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Abstract

Introduction

Health Websites have been used to improve the health and wellbeing of people since the internet was widely available to the world’s populations. The development of websites by health practitioners, hospitals, and governments has continued to grow over the past 20 years. Due to the restriction of movement and gatherings for populations globally caused by Covid-19, there has been a reliance on health information being disseminated via health websites. However, there has been little investigation into the appropriateness of health websites for Aboriginal and Torres Strait Islander communities.

Aim

Review literature on digital resources and evaluate health websites based on functionality, navigation, and usability. Assess the cultrability of the website design from an Aboriginal and Torres Strait Islander perspective and develop some evidence-based principles that can be used when designing and developing health websites for Aboriginal and Torres Strait Islander Peoples.

Method

The literature review explores essential website evaluation criteria and frameworks for assessing design, functionality, navigation, and usability. In addition, literature search for website evaluations of global Indigenous cultural appropriate design and content. The literature search accessed several databases i.e., Emerald, EBSCOhost, Medline Ovid, CINHAL and Google Scholar. Additional searches using Clinical Knowledge Networks Federation accessed through the Townsville Hospital Health Library. The search produced a total of 534 articles, and 14 were deemed relevant for inclusion.

Discussion

The thematic analysis identified that Indigenous global presence on the Internet has been extensive, and the most successful examples were developed in collaboration with Indigenous Peoples. A comprehensive evaluation of website content is paramount in validating the appropriateness of communication and engagement with Aboriginal and Torres Strait Islander People. A customer/end user model of evaluation is the recommended type of evaluation for websites intending to target Aboriginal and Torres Strait Islander People. There are significant challenges for Aboriginal and Torres Strait Islander People navigating digital technology and websites, especially families living in rural and remote areas. These difficulties are not being addressed by services or governments to alleviate these barriers.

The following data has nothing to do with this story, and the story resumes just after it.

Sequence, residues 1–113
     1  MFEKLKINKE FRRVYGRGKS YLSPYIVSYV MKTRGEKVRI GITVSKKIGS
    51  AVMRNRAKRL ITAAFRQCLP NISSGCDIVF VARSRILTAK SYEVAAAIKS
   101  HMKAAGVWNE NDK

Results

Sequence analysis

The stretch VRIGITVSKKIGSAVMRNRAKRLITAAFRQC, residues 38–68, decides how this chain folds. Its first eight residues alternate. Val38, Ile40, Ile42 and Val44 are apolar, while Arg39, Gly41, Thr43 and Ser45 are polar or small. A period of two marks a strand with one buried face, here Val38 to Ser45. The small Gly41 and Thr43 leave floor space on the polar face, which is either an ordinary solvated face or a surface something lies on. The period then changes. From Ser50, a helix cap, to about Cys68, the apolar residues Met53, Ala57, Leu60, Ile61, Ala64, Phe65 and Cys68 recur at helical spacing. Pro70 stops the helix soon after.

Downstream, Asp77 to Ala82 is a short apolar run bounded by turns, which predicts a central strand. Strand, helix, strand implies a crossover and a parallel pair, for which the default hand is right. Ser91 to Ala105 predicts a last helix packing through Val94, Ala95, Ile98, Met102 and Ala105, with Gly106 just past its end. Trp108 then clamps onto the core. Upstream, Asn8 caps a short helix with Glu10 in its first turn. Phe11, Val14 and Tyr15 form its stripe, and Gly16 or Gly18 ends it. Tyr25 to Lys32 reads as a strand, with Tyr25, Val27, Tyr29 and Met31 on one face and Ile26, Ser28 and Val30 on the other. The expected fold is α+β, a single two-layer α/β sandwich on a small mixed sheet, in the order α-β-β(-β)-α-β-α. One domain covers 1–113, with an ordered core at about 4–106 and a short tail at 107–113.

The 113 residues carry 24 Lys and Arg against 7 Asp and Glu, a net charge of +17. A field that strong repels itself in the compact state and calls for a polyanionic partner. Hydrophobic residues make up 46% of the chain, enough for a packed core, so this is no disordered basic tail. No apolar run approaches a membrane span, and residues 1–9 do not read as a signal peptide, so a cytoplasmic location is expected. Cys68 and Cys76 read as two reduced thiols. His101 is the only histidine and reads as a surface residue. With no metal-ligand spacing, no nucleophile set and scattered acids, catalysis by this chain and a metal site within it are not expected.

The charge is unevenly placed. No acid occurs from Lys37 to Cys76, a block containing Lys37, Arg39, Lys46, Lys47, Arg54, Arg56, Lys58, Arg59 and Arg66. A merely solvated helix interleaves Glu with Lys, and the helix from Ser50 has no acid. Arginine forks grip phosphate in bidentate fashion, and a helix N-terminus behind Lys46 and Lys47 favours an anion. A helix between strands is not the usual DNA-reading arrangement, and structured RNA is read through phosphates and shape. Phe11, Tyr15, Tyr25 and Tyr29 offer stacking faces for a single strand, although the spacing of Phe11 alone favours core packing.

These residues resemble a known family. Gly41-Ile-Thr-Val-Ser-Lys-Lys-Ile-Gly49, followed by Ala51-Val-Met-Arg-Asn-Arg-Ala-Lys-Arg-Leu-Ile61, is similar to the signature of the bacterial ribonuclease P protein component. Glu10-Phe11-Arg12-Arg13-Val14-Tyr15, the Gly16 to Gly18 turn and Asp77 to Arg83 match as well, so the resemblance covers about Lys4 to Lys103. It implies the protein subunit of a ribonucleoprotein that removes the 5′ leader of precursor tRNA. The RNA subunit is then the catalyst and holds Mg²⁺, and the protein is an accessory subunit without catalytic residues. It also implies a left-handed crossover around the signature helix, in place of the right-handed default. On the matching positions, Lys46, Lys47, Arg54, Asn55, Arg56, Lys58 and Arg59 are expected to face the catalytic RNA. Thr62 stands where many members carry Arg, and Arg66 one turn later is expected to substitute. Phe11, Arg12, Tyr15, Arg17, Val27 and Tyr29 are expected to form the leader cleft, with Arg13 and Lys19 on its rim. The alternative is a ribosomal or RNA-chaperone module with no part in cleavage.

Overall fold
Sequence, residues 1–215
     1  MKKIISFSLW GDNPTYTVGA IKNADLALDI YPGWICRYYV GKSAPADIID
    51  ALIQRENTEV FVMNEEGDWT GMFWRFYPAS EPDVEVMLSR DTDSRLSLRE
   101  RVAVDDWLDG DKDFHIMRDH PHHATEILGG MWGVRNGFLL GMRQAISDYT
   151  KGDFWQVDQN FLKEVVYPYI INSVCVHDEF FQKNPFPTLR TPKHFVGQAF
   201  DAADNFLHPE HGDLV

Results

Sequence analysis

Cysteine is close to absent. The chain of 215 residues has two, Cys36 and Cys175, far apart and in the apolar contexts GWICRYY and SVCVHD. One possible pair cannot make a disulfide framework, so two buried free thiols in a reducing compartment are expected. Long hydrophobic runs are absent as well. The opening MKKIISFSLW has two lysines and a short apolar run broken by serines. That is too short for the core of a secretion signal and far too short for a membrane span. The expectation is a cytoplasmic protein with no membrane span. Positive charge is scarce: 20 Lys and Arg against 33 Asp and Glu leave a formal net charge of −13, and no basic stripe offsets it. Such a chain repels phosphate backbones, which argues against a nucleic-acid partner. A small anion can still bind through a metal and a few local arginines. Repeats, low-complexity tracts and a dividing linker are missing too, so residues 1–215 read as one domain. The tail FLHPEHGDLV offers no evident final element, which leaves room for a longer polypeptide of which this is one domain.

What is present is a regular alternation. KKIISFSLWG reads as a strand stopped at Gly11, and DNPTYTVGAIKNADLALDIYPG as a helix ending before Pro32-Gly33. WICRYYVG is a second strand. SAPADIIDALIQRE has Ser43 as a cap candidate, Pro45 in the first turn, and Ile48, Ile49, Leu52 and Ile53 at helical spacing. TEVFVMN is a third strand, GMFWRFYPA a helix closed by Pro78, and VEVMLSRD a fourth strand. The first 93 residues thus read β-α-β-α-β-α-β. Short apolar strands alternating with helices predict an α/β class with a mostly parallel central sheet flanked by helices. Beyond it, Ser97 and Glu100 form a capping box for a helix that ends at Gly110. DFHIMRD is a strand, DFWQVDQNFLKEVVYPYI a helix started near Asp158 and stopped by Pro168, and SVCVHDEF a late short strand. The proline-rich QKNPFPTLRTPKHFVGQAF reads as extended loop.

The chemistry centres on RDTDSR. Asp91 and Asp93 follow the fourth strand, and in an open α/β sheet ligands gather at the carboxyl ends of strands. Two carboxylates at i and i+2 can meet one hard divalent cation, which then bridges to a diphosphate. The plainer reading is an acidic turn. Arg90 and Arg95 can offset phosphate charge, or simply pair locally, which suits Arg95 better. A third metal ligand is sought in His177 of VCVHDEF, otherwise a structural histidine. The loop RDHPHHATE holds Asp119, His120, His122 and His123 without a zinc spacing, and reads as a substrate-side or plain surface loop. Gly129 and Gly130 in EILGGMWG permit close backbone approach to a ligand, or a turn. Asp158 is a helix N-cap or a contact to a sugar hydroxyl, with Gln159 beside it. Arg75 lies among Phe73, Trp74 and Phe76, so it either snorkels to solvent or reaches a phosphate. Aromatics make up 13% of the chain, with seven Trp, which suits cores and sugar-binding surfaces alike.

Conclusion

Aboriginal and Torres Strait Islander Peoples are actively involved in digital technology and websites, however their experience on the internet has been challenging and disempowering. The evidence provided alluded to negative experiences and constant challenges to have a growing presence in the digital space. The studies showed no evidence of Aboriginal and Torres Strait Islander People’s experience of website design, or development, which demonstrated positive outcomes or future developments in this area. Improving health, health literacy and health services will take a collaborative effort across all areas of health and education. Indigenous knowledges in all its forms must be protected and respected through intellectual property and reciprocity with websites and digital resources.

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